The random cycling of associations in our minds as we gaze blankly into space may yield an occasional good idea but it cannot be called thinking. Thinking functions by intention. It requires bending our daydreams into a line of thought that has purpose and direction. To ‘think’, we must tackle the mass of associative material circulating in our minds, methodically sift through it and reduce it to an essential conclusion.
This is particularly needed in inner farming, where we quickly accumulate observations on all aspects of ourselves. We observe our Body, Essence, and Personality; their postures, moods, and thinking patterns; their contradictory desires; the way they compete over resources; their useful and wasteful functioning; and the ongoing challenge of infusing them with attention. Though revelatory, this mass of self-knowledge by itself does not affect inner change. On the contrary; it is bound to impede our farming unless we winnow it down to actionable understandings. Of what use is my ability to recognize haste if I cannot curb it? Of what use is my ability to see my fears, concerns, and anxieties, if I remain their slave?
Our thinking function facilitates this refinement. It can retain something we’ve understood long after the experience that triggered our understanding has faded. In addition, it can encapsulate this understanding into a sentence or even a word that can rekindle the understanding when the same, or a similar experience recurs. In this way, our thinking function’s ability to entertain in its mind’s eye things that don’t necessarily exist here and now, expands to encompass our understanding.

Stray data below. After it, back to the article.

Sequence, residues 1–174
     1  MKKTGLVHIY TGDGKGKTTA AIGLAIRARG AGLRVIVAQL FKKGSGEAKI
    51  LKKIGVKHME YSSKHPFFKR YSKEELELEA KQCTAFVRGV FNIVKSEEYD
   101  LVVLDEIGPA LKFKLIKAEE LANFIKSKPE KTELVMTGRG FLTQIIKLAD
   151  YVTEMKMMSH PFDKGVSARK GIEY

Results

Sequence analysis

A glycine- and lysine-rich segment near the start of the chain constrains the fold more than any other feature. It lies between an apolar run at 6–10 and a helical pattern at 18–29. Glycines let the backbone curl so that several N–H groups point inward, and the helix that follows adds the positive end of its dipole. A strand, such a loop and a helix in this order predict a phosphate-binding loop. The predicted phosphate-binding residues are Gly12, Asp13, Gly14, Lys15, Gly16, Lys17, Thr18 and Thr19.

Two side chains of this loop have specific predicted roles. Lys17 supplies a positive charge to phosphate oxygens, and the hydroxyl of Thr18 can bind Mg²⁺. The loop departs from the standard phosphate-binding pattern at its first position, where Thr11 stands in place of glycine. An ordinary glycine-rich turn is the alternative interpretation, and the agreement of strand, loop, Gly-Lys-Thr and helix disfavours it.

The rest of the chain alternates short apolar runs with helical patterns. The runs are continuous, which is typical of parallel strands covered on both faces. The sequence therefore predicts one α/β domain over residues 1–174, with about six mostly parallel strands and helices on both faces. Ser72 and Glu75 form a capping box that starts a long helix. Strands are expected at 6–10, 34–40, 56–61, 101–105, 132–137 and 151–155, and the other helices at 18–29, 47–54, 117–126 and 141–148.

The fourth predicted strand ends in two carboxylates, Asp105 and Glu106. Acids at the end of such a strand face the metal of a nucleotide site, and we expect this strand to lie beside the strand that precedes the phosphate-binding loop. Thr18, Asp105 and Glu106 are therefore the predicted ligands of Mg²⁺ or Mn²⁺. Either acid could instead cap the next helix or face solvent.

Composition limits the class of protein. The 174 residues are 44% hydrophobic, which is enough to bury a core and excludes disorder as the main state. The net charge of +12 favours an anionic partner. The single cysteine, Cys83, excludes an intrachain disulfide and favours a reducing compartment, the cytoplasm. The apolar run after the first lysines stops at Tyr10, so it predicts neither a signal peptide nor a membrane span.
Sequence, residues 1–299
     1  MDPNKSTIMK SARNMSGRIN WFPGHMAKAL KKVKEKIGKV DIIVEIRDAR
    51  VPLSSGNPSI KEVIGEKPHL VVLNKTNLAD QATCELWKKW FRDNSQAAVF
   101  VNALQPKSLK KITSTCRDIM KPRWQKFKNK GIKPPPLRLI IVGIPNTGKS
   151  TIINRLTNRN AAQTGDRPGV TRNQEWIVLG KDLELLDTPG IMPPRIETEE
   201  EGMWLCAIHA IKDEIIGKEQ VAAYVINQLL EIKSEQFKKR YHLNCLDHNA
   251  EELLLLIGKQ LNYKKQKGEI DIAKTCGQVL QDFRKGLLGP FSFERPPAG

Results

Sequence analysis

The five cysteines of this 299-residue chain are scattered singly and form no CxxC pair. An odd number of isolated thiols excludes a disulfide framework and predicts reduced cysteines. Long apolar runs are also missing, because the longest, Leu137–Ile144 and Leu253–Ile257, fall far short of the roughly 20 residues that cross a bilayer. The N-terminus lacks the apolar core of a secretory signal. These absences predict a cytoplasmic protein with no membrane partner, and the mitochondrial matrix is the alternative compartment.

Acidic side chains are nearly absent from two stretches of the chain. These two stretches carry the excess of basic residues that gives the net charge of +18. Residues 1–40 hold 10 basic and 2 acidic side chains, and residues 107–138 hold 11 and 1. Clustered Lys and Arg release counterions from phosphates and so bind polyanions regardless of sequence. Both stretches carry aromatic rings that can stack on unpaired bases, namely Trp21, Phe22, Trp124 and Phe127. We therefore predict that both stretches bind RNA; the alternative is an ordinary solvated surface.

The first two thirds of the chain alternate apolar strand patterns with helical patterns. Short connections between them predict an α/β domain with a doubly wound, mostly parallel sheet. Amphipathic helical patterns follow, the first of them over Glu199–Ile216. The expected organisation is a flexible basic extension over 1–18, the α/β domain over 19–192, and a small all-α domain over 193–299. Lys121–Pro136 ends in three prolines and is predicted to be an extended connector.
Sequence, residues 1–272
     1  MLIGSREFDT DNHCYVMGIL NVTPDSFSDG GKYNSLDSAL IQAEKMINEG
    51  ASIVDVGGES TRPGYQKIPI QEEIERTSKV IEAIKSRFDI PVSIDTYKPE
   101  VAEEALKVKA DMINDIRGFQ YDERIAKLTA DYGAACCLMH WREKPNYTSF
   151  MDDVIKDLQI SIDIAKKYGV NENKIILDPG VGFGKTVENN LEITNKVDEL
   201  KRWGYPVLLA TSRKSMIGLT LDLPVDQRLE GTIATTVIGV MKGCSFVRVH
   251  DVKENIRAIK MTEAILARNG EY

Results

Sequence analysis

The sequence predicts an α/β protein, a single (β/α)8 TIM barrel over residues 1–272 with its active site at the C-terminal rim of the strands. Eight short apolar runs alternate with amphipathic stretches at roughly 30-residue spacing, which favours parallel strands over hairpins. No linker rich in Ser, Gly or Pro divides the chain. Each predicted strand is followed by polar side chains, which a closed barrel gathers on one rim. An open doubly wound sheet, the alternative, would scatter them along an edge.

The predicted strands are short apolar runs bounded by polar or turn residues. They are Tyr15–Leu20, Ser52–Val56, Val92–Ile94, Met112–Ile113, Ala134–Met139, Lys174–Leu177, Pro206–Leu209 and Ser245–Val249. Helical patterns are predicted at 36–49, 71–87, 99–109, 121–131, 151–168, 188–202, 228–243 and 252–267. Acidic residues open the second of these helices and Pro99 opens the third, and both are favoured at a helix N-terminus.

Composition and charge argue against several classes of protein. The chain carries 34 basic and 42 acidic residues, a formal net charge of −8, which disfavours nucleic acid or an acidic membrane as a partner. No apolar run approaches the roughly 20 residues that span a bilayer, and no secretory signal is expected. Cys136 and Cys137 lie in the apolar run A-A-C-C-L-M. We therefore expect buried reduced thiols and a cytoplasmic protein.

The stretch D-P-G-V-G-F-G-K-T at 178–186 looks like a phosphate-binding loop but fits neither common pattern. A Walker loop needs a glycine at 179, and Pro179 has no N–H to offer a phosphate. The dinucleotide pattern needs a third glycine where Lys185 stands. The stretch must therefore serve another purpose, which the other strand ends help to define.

We began applying this ability already from our first days of inner farming, when we related what we observed to the divisions given us by this teaching. When we saw unnecessary fidgeting, we attributed it to the ‘moving function,’ associative daydreaming to the ‘thinking function,’ unwarranted worries to the ‘emotional function,’ and so forth. By doing this, we were using our thinking function to detach the sense of ‘I’ from what we observed. In assigning what we observed to a particular function, we were indirectly affirming that it was only a small part of ourselves and not us in our entirety.
August invites us to take this a step further. It is one thing to observe our psychological manifestations in a particular moment, and another to witness their consequences through time. The former deals with only a piece, the latter with the whole puzzle. Observing our habits through time deepens our realization of the price we pay for them. Our thinking function can help us see how our daydreaming isolates us from reality, how our haste constantly overlooks the emotional dimension of our day, or how our chronic negative attitude taints everything we do with an attitude of defeatism. Thanks to its power over abstraction, our thinking function can help us encompass this long body of experience, quantify it, and encapsulate it into one word, or the shortest phrase possible. The next time we catch ourselves daydreaming, or hurrying, or brooding, by intoning that phrase we place the habit face to face with its cumulative price. This gives us a much stronger motivation to resist it.
Those who have yet to accumulate a sufficient mass of such observations can start by asking themselves the following question: If I were transported back to a year ago, and were given the chance to briefly speak with my younger self, what words of advice might I give myself? What self-knowledge would spare me much time and suffering? Encapsulate this advice into the briefest command.
The practitioner who formulates their advice in the briefest possible manner—and applies it in a moment of internal challenge—is like a farmer who has threshed and winnowed his wheat into grain. The grain encapsulates the blueprint of the entire plant and retains its vitality long after the plant’s demise. So can our thinking function retain our understanding long after the experience that triggered it has faded, and recall it in the moment of need.
This is our labor for August.
The Thinking Function as Given by Nature
The Emotional Function as Given by Nature